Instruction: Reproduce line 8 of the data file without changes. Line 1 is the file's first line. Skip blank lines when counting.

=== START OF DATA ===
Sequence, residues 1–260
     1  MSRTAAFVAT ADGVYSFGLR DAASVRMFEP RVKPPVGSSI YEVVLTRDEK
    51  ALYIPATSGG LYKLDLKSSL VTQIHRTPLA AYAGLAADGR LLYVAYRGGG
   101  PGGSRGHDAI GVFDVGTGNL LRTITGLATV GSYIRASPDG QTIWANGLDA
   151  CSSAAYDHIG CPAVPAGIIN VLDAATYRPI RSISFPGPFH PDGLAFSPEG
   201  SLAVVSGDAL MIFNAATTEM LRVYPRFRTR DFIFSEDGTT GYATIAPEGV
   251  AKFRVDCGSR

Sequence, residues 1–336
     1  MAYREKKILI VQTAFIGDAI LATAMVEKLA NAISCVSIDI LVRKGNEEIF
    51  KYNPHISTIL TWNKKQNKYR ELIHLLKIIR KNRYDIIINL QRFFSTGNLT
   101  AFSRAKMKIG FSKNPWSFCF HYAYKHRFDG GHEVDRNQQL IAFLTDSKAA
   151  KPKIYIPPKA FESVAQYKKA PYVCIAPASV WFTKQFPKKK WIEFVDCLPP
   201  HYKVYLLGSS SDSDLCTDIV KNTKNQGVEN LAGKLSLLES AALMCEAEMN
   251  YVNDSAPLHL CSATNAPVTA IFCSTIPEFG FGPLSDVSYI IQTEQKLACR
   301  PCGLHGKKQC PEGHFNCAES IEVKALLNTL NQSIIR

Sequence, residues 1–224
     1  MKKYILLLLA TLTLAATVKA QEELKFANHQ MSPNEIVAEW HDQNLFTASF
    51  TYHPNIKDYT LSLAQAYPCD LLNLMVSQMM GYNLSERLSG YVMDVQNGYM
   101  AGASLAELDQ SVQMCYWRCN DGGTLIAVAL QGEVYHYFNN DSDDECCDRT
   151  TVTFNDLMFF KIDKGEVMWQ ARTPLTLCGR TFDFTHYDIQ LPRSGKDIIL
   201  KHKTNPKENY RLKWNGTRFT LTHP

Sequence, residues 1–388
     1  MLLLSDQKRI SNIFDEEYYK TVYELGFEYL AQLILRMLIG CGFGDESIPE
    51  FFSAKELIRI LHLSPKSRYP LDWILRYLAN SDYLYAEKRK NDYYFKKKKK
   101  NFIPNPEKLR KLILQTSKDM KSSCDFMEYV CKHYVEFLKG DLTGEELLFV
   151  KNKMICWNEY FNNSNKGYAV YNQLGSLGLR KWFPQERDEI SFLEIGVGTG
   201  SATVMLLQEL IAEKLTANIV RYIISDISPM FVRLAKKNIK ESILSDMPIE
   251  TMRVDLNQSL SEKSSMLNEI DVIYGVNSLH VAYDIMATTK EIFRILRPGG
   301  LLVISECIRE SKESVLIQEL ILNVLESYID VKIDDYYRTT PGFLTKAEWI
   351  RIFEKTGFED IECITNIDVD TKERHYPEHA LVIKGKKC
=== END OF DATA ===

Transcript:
Sequence, residues 1–336